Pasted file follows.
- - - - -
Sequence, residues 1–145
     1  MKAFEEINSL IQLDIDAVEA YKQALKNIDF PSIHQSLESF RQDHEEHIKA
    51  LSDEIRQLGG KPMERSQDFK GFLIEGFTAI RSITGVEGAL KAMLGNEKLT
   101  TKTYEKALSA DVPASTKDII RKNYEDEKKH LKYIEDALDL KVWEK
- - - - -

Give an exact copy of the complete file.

Sequence, residues 1–145
     1  MKAFEEINSL IQLDIDAVEA YKQALKNIDF PSIHQSLESF RQDHEEHIKA
    51  LSDEIRQLGG KPMERSQDFK GFLIEGFTAI RSITGVEGAL KAMLGNEKLT
   101  TKTYEKALSA DVPASTKDII RKNYEDEKKH LKYIEDALDL KVWEK